I CURRENTLY have no emails; I’m on sabbatical. For the first time in years, I am able to think deeply, rest properly, and live more creatively. Two fresh and dynamic approaches to understanding and living the sabbath are offered here to relish and learn from, if we give ourselves the time and the space to do so.
An Old Testament lecturer, Mark Scarlata (Features, 31 May) roots us in the sabbath experience of the people of Israel, from the story of creation, to the experience of exodus and the trauma of exile. We subsequently see more clearly that Christ’s presence not only disrupts but embodies sabbath rest, not least in his miracles and his resurrection.
Scarlata offers a clear scriptural and historical overview laying out the complexity of interpretation. It is well-pitched for a wide readership. We are reminded that living out the sabbath is subversive; recognising God’s gift of sacred time is an act of resistance against the onslaught of digital slavery which, he suggests, can be as oppressive as captivity in Egypt.
The importance of being stopped in our tracks by beauty so that we might be drawn more closely to God’s image is revealed here without pestering us to be peaceful. We already know that we need to do less and simply be more, but Scarlata’s approach may inspire and invite us to experience sabbath and enter into deeper rhythms of time with glad obedience.
A theologian, Nicola Slee offers bold, humble, and poetic perspectives on the sabbath. The subtitle of her book emphasises the difficult work of sloughing away our resistance to rest. The American farmer-poet Wendell Berry’s Sabbath Poems shape Slee’s approach; his emphasis on the covenant with the land and the seasons so tenderly expressed encourages us to slow the pace of our experience of this book, as well as our lives. Choice journal entries that Slee wrote during periods of sabbatical leave add honest and expansive insights. Slee marries the personal with the professional with the confidence of a consummate feminist writer.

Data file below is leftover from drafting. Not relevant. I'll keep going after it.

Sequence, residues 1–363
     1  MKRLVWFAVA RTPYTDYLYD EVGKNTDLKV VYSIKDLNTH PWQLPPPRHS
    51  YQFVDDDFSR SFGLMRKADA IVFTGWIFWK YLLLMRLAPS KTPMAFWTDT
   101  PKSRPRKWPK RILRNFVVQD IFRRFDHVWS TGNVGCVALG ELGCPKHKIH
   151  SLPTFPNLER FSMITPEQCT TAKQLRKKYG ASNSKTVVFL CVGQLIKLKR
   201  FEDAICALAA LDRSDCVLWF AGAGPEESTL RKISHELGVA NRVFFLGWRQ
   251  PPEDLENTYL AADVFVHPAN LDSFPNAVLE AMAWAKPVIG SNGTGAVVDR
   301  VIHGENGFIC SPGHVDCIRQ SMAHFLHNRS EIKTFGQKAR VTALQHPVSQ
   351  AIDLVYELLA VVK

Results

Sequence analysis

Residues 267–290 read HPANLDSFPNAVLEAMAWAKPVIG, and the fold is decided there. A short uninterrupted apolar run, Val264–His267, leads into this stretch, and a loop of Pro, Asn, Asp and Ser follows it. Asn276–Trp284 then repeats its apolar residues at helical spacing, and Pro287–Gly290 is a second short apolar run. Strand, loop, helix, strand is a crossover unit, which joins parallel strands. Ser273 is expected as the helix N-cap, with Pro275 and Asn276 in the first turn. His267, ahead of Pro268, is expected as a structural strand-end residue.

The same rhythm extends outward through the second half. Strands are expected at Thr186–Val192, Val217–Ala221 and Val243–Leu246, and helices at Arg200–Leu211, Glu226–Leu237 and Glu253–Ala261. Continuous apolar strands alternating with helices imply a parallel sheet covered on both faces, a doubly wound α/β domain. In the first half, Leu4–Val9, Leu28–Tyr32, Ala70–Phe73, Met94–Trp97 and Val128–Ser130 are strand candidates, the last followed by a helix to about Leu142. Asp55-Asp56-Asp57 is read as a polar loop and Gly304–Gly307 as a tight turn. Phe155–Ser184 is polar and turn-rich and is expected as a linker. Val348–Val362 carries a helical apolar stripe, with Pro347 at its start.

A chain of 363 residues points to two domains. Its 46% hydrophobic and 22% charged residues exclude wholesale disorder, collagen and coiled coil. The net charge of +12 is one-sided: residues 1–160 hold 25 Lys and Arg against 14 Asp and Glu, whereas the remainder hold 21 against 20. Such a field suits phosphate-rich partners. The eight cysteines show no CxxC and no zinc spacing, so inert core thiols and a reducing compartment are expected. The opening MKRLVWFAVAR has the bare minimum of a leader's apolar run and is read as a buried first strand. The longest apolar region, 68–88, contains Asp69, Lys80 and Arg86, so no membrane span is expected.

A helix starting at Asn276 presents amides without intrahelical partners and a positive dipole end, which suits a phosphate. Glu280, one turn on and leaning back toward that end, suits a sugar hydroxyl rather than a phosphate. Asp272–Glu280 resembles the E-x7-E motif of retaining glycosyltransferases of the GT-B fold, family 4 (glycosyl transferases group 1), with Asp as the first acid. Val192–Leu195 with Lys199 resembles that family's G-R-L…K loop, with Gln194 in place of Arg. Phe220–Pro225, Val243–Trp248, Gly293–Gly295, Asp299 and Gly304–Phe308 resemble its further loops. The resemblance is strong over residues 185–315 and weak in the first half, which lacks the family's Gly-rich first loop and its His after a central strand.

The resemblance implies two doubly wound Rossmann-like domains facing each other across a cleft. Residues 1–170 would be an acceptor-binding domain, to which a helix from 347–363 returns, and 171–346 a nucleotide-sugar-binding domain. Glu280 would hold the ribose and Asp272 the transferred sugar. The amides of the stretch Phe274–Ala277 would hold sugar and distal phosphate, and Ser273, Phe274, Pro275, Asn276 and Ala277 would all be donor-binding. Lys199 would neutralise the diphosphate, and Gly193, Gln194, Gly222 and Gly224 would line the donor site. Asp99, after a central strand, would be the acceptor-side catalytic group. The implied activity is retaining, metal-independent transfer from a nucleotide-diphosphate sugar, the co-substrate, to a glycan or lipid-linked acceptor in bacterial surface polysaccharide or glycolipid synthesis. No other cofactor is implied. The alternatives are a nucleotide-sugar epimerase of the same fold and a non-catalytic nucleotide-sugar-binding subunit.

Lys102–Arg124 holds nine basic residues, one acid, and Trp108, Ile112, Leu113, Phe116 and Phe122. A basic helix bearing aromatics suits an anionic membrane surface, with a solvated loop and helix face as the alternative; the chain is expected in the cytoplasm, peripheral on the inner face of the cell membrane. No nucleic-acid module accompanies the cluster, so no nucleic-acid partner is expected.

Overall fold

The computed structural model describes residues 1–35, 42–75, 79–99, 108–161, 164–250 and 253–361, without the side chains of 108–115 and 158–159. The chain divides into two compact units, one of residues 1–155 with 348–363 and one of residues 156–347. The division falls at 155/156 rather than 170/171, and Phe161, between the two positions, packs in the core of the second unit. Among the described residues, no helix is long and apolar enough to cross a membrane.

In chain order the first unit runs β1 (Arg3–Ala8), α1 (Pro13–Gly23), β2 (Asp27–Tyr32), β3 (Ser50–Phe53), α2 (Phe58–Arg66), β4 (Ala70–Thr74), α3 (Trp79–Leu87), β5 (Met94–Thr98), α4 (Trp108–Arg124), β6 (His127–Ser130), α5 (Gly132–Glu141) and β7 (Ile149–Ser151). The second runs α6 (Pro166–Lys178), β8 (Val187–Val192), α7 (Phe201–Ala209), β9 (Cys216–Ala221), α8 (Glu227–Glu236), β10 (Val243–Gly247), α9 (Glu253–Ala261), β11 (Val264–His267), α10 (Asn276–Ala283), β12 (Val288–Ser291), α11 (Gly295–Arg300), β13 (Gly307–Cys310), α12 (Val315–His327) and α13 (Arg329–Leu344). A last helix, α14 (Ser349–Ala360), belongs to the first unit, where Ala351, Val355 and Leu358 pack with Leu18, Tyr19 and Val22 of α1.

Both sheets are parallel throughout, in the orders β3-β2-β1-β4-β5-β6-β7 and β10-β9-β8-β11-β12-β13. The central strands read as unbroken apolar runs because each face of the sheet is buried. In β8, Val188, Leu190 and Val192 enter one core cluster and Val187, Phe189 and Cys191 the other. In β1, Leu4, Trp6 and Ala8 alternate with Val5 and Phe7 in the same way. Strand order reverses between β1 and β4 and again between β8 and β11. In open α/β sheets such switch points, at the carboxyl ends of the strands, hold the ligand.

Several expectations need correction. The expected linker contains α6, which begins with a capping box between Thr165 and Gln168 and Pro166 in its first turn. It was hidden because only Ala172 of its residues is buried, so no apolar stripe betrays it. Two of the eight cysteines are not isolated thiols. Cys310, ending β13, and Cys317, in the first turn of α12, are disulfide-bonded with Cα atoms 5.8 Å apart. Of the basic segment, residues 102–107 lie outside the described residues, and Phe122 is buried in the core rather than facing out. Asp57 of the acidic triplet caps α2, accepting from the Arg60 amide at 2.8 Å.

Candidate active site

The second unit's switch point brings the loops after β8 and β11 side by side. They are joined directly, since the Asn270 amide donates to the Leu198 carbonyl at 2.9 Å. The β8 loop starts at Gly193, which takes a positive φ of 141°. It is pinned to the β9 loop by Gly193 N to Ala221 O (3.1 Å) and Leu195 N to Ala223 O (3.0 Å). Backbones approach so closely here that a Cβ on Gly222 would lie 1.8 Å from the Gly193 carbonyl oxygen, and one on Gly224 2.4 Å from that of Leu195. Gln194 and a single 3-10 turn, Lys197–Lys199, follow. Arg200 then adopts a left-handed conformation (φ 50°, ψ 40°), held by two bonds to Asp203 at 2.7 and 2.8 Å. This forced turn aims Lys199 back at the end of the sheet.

There is a strong sense of a profound need for sleep, which may ring true for many readers in an age of endemic sleep deprivation. Yet Slee observes that sabbath is not simply a nowhere land of recovery, but a gentle and compassionate discipline that will always be a struggle to follow, no matter how paradoxical this invitation to “blessed idleness” may appear. Slee digs deep; she explores the fears that entering sacred time might unearth.
Each chapter offers questions and reflections for prayer; blank pages follow for the reader to use. Some questions are frank: “How do you regard and experience the regime of the market and the machine?” Others are asked of herself in her journal entries: “Are you seeking the pearl of great price or have you scattered your pearls before swine?”
Ultimately, we learn from each author that God’s gift of the sabbath is a movement of grace, not a moment to be snatched. To embrace the sabbath rest is to be embraced by God. Could this be why the call to live a sabbath life feels at once so tantalising and yet so frightening?
The Revd Jennie Hogan is Chaplain of Goodenough College and Associate Priest of St George’s, Bloomsbury, London. Her book This Is My Body: A story of sickness and health is published by Canterbury Press.
Sabbath Rest: The beauty of God’s rhythm for a digital age
SCM Press £12.99
Church Times Bookshop special price £10.99
Sabbath: The hidden heartbeat of our lives
Church Times Bookshop £9